Wednesday, April 16, 2014

Smoke Break



I don't remember much about our search to find the first "official" church home of our marriage. I don't remember exactly how many churches we visited or how many Sundays it took for us to realize the one we had found was "it".

All I know is, someone roped us into getting up an hour earlier in order to sit in the cold metal folding chairs of a Sunday school classroom.

Everyone was wonderful, so kind, quite funny.

But I didn't know we were home until the guy across from me cleared his throat and said out loud to the rest of the circle that he had trouble with his mouth. He cussed when he things didn't go well at his factory job. He cussed like a sailor.

I couldn't believe he was admitting this to the rest of us. I had never seen anything like it. It wasn't the discovery that I was circled up among cussers that almost knocked me out of my seat, it was the fact that he admitted to it. Without any unnecessary emotional fanfare. This was one of his struggles. He didn't feel super great about it. He needed help. And he seemed to profoundly, yet simply, understand this is why he had Jesus, and this is why he had the rest of us.

Last week, ten years and two towns away from that old Sunday School circle, I dashed out of church to run home and grab my side-dish for the post-service carry-in.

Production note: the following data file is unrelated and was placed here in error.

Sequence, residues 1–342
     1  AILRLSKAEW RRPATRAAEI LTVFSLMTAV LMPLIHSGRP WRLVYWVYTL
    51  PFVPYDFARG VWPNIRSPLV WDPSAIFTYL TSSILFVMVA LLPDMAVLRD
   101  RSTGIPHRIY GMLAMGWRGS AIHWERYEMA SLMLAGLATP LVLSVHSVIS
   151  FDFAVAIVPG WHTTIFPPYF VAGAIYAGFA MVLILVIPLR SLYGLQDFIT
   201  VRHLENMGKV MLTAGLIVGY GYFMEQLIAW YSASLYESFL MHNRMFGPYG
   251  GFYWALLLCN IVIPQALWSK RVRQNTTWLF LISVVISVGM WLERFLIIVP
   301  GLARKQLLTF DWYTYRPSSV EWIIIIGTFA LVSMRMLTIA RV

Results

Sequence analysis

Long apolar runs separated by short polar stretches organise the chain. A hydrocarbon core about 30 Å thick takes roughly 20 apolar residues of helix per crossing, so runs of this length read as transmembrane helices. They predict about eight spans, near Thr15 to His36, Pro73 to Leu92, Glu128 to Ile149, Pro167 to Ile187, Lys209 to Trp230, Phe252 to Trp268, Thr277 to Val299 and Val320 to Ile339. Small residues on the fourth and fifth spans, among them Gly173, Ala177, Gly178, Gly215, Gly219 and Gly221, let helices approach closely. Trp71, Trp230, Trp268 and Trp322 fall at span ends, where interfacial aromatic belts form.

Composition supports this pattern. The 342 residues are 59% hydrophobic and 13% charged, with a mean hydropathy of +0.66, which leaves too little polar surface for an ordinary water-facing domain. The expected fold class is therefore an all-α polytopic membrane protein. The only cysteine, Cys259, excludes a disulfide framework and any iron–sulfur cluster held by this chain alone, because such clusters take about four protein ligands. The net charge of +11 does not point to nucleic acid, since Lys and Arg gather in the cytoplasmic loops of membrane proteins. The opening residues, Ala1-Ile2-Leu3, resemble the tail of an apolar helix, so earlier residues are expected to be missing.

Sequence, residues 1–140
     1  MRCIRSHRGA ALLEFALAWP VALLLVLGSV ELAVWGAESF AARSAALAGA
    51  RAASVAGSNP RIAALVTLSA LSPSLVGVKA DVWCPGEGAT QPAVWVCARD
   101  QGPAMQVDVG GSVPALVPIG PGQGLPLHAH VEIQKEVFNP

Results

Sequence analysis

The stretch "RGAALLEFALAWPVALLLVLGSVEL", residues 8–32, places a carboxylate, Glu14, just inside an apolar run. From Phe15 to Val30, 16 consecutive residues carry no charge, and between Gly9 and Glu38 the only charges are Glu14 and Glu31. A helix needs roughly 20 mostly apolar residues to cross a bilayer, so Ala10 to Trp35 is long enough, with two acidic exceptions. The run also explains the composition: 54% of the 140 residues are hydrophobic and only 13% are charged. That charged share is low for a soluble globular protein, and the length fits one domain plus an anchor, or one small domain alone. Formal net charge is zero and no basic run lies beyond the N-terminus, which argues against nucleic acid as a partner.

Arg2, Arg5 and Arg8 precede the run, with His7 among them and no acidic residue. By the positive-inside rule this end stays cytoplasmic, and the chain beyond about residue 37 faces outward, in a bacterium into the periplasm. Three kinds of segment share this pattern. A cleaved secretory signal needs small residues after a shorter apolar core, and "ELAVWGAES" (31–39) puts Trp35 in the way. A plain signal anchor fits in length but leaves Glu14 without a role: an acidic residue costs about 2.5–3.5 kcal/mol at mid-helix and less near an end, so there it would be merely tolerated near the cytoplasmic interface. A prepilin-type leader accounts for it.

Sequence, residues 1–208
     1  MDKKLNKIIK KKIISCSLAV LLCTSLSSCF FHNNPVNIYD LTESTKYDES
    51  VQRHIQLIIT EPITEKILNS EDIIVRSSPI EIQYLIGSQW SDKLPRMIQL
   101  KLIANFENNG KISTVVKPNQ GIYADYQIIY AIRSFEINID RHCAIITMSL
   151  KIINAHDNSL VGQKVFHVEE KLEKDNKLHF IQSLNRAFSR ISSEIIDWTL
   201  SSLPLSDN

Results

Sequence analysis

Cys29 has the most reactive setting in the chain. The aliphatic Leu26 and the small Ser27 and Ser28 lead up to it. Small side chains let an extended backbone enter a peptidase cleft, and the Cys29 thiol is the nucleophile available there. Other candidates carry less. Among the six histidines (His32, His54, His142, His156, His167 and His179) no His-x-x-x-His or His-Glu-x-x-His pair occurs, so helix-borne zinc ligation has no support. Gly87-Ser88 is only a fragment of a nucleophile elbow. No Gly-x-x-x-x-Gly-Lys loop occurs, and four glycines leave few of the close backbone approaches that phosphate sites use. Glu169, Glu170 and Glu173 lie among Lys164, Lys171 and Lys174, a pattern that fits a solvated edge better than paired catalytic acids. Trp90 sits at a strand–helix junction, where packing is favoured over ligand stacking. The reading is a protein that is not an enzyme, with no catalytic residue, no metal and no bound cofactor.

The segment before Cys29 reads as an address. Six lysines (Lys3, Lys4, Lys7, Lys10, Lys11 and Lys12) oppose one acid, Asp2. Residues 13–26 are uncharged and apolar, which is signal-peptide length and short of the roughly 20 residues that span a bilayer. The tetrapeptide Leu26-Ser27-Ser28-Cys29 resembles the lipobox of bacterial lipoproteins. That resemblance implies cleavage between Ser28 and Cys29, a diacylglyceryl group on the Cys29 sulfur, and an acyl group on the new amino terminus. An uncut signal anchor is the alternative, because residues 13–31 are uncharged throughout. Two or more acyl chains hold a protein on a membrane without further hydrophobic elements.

When I pulled back into the lot ten minutes later, I noticed an intriguing congregation of fellas on the North side of the building. There was the youngish guy who often wears a Cubs t-shirt under his choir robe, a couple of guys who have become like kin to us, the worship leader, and a quiet guy I don't know well at all. Loyal servants and leaders of our church. All of them were smoking.

This phenomenon wasn't a revelation to me. But I'd never received the gift of this sheepish collective.

From my van, I raised my eyebrows and grinned so hard.

"What's going on over there?"

"Oh, nothing good," he grinned back, snuffing out his cigarette and walking my way. "Need a hand?"

I loaded him up with pickles and beans.

And I knew for the hundredth time that I was home.

Not because this church is perfect, not because it's everything I always dreamed a church home should be, not because everyone gets along and behaves graciously, or because it meets every one of my piddly needs.